But just misses it.
[Early 20th century] Progressives offered a clear diagnosis of what ailed the body politic: corrupt politicians. They had been captured by party machines and powerful businesses, and labored on behalf of their patrons and themselves instead of the people. Advancing the public interest, it followed, would first require radical, structural reforms of government. [...]
The current progressive movement has, by contrast, tended to promise better policies and improved implementation, while rallying to the defense of government from its critics. It insists that government should do better, but not that we need a better government. Whatever its intellectual merits, this approach has a fatal political flaw: most Americans number themselves among government's critics. They don't think government works terribly well, and they are disinclined to support politicians who do. Voters are increasingly eager to hear accounts of our present crises that offer comprehensive explanations and systematic solutions. Conservatives contend that government itself is the problem, and that the solution is to slash its size and role. That appeals to voters who want narratives that seem scaled to the enormity of the challenges that we face. Progressives offer no equivalently broad diagnosis of government dysfunction, much less an equally compelling remedy. [...]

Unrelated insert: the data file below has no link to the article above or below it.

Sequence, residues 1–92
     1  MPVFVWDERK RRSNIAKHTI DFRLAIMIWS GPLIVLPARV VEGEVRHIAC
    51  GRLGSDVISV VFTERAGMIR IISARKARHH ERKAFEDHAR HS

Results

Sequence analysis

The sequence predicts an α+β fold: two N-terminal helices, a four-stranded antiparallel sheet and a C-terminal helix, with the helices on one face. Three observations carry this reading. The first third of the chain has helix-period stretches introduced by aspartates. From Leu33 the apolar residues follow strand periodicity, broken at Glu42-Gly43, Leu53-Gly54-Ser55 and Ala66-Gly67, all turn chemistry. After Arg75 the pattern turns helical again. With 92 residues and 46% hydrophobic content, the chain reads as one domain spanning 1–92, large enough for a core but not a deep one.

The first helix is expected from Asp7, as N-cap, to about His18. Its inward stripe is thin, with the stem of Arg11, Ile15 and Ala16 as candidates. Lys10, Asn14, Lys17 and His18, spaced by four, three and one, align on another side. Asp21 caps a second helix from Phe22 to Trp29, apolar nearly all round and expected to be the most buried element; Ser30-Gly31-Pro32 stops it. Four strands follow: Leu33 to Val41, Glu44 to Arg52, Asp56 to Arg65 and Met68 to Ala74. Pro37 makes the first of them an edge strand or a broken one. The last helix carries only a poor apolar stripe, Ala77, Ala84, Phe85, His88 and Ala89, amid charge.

In strictly political terms, the particular reforms may matter less than the narrative they support. Most Americans are convinced that their government is fundamentally broken. And if progressives want to sell the public on the idea that government can solve our problems, they first need to identify, and explain how they will fix, the problems with our government.
Admittedly, it's cherry picking, but you'll note how his conclusion supports the first excerpted paragraph? That's really where Progressives ought to be heading. The Teabaggers have no problem with shooting the GOP in the foot to advance their goals of ousting politicians who aren't corrupt enough for their liking. We can turn that around, especially as the American people have fallen out of lust with teabagging. They're ready.